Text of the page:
Subourbon Mom

You Can Take the Girl out of the Country…

This weekend I spent the afternoon being the “Parent on Premises” for Daughter #2 and her friends at our local fair.  Like lots of small county fairs, there were the usual pens of 4-H animals, sketchy carnival rides that I can’t even look at anymore without getting nauseous (ghosts of funnel cake past), pig races and truck and tractor pulls. The scents of kettle corn and fresh-cut grass immediately took me back to the years I spent in painted-on Jordache jeans, trolling the county fair for boys on whom I could practice (what would later become) my barfly stare; knotted bracelets transported me back to the tents where I would peruse cheap jewelry made from “real shark’s teeth,” and hair clips.

These days, the teenagers are still trolling, the jeans are still tight (only now they have a fashionable name for it—“Skinny Jeans”), and there are still booths selling cheesey jewelry. Not much may have changed, but I realize now how much I missed with my teenaged tunnel vision. There was an entire world of gut-churning, fist clenching tension and excitement out there that I never knew about.


The Truck Pull


If horse racing is the sport of kings, truck pulls are the farmer’s equivalent. For the first time, I paused long enough to watch the truck pull. Once I was standing on the hill looking at the red dirt track, I couldn’t walk away. There was something visceral about the growling engines as they forged ahead and made the earth rumble and shake under my feet, the same way the pounding of racehorses down the stretch gave me goose bumps. Even the run-up to each competitor’s attempt had its own tension, like horses entering the starting gate. Once the truck and weights were connected, there was a pause.

The driver gunned his engine.

Smoke billowed, and I could feel the pistons churning in my chest. Adrenaline shot through me, even though I was nothing more than a suburban mom trying to take pictures with her iPhone.  It made me want to run out to my Highlander and start 4-wheeling all over the parking lot.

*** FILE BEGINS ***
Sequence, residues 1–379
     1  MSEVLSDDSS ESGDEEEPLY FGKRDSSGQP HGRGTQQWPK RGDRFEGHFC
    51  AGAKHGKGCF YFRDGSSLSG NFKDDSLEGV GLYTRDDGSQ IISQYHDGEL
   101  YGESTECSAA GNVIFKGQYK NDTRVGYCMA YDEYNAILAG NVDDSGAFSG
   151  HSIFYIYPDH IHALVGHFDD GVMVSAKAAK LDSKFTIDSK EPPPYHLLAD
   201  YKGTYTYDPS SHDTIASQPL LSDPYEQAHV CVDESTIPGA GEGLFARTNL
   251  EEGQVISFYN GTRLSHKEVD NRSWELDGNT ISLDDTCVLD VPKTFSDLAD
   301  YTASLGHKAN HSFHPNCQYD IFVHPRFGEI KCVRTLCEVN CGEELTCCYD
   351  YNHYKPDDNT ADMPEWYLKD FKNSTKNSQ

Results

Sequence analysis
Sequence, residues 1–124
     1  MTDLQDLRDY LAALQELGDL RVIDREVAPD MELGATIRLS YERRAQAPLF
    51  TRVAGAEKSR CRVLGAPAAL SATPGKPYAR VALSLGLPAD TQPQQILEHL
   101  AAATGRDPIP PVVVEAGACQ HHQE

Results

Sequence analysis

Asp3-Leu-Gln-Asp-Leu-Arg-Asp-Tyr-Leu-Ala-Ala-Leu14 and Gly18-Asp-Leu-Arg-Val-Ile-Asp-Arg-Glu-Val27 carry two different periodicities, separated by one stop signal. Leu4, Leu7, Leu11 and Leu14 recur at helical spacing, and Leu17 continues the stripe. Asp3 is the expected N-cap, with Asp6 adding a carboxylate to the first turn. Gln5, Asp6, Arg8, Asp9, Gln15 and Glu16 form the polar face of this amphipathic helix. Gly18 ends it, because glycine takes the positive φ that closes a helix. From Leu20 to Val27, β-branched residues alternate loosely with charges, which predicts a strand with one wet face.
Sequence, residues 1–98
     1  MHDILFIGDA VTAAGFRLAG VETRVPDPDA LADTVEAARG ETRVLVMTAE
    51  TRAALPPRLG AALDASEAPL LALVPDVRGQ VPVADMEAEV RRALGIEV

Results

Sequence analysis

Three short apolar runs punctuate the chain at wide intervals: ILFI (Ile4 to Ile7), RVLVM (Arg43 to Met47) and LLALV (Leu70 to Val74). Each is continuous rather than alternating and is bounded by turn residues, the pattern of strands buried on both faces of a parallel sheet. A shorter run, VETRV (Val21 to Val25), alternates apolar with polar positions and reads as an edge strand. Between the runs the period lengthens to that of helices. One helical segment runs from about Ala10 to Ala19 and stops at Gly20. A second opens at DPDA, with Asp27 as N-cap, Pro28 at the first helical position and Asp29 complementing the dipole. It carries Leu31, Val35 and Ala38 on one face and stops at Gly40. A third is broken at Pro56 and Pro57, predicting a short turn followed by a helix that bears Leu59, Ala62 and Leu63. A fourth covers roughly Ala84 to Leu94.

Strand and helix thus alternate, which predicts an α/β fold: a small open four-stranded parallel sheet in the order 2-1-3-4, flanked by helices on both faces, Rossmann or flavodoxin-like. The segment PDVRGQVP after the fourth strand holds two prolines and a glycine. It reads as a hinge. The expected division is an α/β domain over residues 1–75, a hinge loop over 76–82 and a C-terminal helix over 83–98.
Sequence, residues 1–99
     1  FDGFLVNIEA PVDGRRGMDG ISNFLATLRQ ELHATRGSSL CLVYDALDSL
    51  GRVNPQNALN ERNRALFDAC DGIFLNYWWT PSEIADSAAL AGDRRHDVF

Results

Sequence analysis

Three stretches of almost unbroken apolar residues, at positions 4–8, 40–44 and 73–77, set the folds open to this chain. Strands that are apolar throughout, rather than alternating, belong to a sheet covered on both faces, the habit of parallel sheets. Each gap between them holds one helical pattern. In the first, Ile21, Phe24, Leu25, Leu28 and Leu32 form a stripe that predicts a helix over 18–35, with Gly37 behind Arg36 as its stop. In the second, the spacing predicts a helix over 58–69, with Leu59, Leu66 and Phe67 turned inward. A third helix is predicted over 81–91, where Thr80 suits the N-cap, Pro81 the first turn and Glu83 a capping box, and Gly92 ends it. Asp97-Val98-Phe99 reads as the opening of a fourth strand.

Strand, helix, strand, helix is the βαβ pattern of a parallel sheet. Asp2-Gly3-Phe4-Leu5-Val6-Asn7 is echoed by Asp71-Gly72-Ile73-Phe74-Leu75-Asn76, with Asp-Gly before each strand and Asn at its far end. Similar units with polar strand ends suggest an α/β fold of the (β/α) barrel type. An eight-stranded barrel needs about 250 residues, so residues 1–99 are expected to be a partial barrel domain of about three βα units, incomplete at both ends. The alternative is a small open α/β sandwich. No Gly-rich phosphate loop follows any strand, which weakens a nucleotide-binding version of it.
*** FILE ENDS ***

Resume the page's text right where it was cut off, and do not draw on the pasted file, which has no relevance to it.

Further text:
But that wasn’t the only visceral experience I had that day. Late in the afternoon I caught the last bull riding competition. It wasn’t anything fancy like PBR that you see on t.v., but this tiny corner of extreme sports had its own atmosphere, complete with “I wanna be a cowboy, baby” by Kid Rock booming in the background. Mud flew into my camera as bull after bull exploded from the shoot.  I stood against the rail amid a crowd of cowboys, wanna-be cowboys, skanks, and yuppies walking around with the Jack Russell terriers on leashes—all cheering and secretly hoping for blood.

We waited, standing on tip-toes to get a better view as the riders got situated, and held our breaths when the rodeo crew swung open the gate. As the bulls exploded from the shoot, the crowd was silent until the cowboy fell into the mud.

IMG_1285The first rider fell off immediately and hobbled back to the gate clutching his groin.  It was already better than NASCAR—things were turning in more than one direction, the audience was constantly being sprayed with debris, and the riders were lucky to finish at all. No caution flag there.  I’d like to see Kyle Busch try sitting on top of a half-ton of twisting, bucking, hopping bull—I don’t think he’d be in any kind of shape to be picking so many fights on Pit Road if he did.

The second bull somehow got busy in the shoot and fell over, tangling himself in the rails. Although I could practically see the PETA people swiping their phones as they speed-dialed their lawyers, the bull was fine and hauled himself back up without help.  This was almost as good as the NFL—watching that bull get back up was like watching an offensive lineman get to his feet after a play—a lot of head shaking and swaying rump.

When the bull riding was over the crowd filtered away, off to gobble more funnel cakes, fried pickles and homemade ice cream.  I stayed by the ring and pried my hands from the rails.

I was tired, and invigorated at the same time.  I had a hard time going to sleep that night, even after a full day of sun.

I guess the old saying is true: you can take the girl out of the country but you can’t take the country out of the girl. I may have spent the last twenty years away from country fairs and truck pulls, but the country didn’t stay away from me.

3 Comments so far
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Good one! I remember the first time I saw bull riding up close was at the Colorado State fair, and I about fell over. That was before they wore football helmets… just big black cowboy hats. When the bulls came bucking up near the rail where I was standing and I realized they were as big as a pick-up truck I figured the guys who got on them were either the second bravest on earth or the stupidest. Bull fighters are clearly the bravest.

Talk to Kim about the female attraction to roaring engines, she worked for NHRA for a while and even drove a top-fuel dragster at Englishtown..


Comment by Bruce Anderson

Keep the engines and the daring-do. I prefer my bull on a plate. With fried everything on the side.


Comment by Don

More memories of long ago days. Great job of letting us see and hear the action.


Comment by Sharon

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